We are pleased to announce the first events for Hay Festival 2018. The full programme will be released in the Spring.
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So you have an idea – what next, and who can help you turn that vision into reality?
James Layfield is the founder of Central Working, a collaborative workspace, and he was named in the London Standard's Top 30 most influential people in tech start-ups.
Hosted by Barclays' Richard Phelps.
FREE BUT TICKETED
In the first of two fusion concerts at Hay on Friday 30 May, the world music ensemble play a concert of exciting works that tap into the Middle Eastern heritage of the lute and the driving rhythms of Flamenco. The two virtuosi brothers on lute and guitar are joined by Stanton’s exquisite percussion, creating a spectacular sound palette for this East–West fusion of classical traditions and contemporary improvisation.
What do you do when you’re labelled abnormal in a world obsessed with normality? If you grow up in a world where wrinkles are practically illegal, cellulite is cause for a mental breakdown and women over a size ten are encouraged to shoot themselves (immediately), what the **** do you do if you’re, gasp, disabled? The comedian discusses her memoir of growing up with cerebral palsy.
The former bishop of Oxford looks at the work of David Jones, Jacob Epstein, George Rouault, Stanley Spencer, Marc Chagall, Henry Moore and Graham Sutherland and suggests that the modern movement in art has turned out to be a friend, not a foe, of Christian art.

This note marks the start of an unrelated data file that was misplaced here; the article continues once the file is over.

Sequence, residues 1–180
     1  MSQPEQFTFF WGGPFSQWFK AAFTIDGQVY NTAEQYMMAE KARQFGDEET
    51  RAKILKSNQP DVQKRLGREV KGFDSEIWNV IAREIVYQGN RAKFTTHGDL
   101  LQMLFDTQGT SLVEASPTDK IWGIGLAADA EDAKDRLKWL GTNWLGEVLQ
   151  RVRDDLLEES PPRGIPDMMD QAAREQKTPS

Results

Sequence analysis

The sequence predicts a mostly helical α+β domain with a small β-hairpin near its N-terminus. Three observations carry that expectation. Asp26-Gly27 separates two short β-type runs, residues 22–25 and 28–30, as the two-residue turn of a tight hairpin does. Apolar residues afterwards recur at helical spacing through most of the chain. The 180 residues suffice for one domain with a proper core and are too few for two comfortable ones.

The charismatic Glaswegian co-founded the Creation label at the age of 23 and brought us acts like My Bloody Valentine, House of Love, Ride and, of course, Primal Scream. In Manchester the label leapt into the big time with Screamadelica and then went global with Oasis.
How and why did the dinosaurs die? In the 1980s a team of Berkeley researchers proposed the controversial theory of asteroid impact, though the key evidence – the location of the crater – eluded them. It was a detective story that took 10 years to unravel. Today, the evidence is conclusive that a biospheric disaster of colossal magnitude took place. The NASA geologist takes us back 65 million years to explore what happened and why it happened. And – crucially – could it happen again?
Meeting the captain, the F-18 pilots and the dentists, experiencing everything from a man-overboard alert to the Steel Beach Party, Dyer guides us through the most AIE (acronym intensive environment) imaginable. Underlying Dyer’s efforts to overcome the disadvantages of being the oldest, tallest (actually, second tallest), and most self-conscious person on the boat is an intense fascination with the military world.
FREE BUT TICKETED
A reading from Walsh’s sultry tale of transgressive passion on the island of Deia. Chaired by SJ Parris.
When Afro Celt Sound System burst onto the music scene some 15 years ago their impact was so instant, so astounding, that it hit like a thunder crack. Here was a band unlike any other, a band whose fusion of West African rhythms, Irish traditional music and cutting-edge dance grooves battered the senses and unleashed a wellspring of joy and liberation. When they added diverse new touches – Indian bhangra, Arabic influences, dub reggae and more – they did so seamlessly, in ways that only enhanced their sound and emphasised their openness. A supergroup whose line-up expanded and evolved around four core members (Simon Emmerson, James McNally, Iarla O’Lionaird, Martin Russell), the Afro Celts’ pan-global sound redefined dance music and stumped music critics. They remain defiantly, enigmatically uncategorisable.